We continue our series of excerpts from the MVFHR panel of families of the executed at the Third International Women's Peace Conference in Dallas this past July. See the original post announcing this series, the current issue of our newsletter with more about the peace conference panel, and MVFHR's report about families of the executed.
Remarks from Melanie Hebert:
My uncle Spencer Corey Goodman was executed here in Texas in 2000. He had been adopted by my paternal grandparents, and he was much younger than their natural children. He and I had a very close relationship and he felt much more like a brother to me than an uncle. We were just seven years apart in age and we spent a lot of time together during my childhood. He became estranged from the family when I was in elementary school and the next thing I heard about him was after he had committed a murder and my grandfather was called to testify at the trial.
My family wanted us to have nothing to do with him, and they didn’t speak about him much. I kind of just put it out of my mind and went about my life until shortly before he was executed. My sister had been visiting him and he requested that I come and visit before his execution. She asked me if I would, and I agreed. When I went to visit him, I was really surprised that he wasn’t the monster that I had been led to believe he was. My heart was really changed as I spent the next couple of days with him before his execution.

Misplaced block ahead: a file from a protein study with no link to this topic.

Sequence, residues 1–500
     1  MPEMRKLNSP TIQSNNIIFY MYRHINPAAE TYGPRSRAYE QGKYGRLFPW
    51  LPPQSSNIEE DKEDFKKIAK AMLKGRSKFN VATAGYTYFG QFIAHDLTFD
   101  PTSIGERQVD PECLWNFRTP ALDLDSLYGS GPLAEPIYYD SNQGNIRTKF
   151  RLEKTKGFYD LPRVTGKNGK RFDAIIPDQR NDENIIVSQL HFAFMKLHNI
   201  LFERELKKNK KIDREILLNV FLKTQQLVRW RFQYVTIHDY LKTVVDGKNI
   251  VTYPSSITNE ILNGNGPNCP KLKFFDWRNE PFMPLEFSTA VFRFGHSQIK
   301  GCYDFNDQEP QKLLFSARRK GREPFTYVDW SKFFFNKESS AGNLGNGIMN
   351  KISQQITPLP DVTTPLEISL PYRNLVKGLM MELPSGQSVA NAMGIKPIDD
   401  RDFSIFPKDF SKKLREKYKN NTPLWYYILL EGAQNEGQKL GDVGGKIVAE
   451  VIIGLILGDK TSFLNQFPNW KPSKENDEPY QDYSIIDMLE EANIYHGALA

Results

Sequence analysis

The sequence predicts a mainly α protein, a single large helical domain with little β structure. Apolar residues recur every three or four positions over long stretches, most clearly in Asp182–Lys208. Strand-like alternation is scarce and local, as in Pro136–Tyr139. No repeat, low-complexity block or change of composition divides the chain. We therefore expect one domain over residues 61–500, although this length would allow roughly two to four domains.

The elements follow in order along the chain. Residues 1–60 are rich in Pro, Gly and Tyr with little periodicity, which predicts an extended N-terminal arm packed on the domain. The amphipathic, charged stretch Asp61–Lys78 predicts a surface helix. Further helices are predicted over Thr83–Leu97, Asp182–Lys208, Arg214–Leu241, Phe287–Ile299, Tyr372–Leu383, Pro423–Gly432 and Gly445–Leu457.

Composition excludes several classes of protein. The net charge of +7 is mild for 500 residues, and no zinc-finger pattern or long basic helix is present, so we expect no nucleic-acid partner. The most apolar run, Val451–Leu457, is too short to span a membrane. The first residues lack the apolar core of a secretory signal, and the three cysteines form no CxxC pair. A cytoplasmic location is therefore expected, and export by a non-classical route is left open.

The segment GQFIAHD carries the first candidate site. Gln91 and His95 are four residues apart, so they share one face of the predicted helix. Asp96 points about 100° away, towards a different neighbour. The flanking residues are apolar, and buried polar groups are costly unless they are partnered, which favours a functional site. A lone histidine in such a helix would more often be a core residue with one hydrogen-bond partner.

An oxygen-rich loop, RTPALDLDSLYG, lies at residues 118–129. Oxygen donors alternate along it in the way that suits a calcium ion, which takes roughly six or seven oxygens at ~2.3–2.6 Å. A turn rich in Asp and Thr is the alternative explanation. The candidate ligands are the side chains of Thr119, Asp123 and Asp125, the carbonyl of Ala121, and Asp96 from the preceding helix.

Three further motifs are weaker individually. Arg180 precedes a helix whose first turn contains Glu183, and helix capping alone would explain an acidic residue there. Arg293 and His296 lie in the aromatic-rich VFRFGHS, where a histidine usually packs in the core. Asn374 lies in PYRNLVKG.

I was reluctant to get involved with any kind of political activity regarding the death penalty. I wasn’t sure where I stood and I was so young, I wasn’t sure I was comfortable with it. But I woke up the next morning and I had such a hollow feeling. I felt compelled at that point to speak out against the atrocity that is the death penalty and let people know what my family went through.
We didn’t have a lot of support from our friends or from our church; people didn’t know what to do or say, so they left us to deal with it on our own. In any other circumstance when you know someone who has had a loss, the neighbors and friends and church pull together to support that person.
A surreal aspect of it was that while we were mourning the loss of our loved one, people were cheering about it and saying that justice had been served, and that’s something I don’t think people experience with any other death.
It would have helped if we had been treated with more compassion by the judicial system. One of the most difficult parts of dealing with Spencer’s execution was that we had to learn the information from the television. That’s a really difficult way to learn about your loved one’s fate. We learned about the death sentence from the TV on a night that happened to be my father’s birthday. It was very hard. Later, I asked every single person at the prison to please call our family to let us know when the execution was complete. No one called us. Finally we turned on the television and learned that he had died. It’s a really cruel way for families to be treated.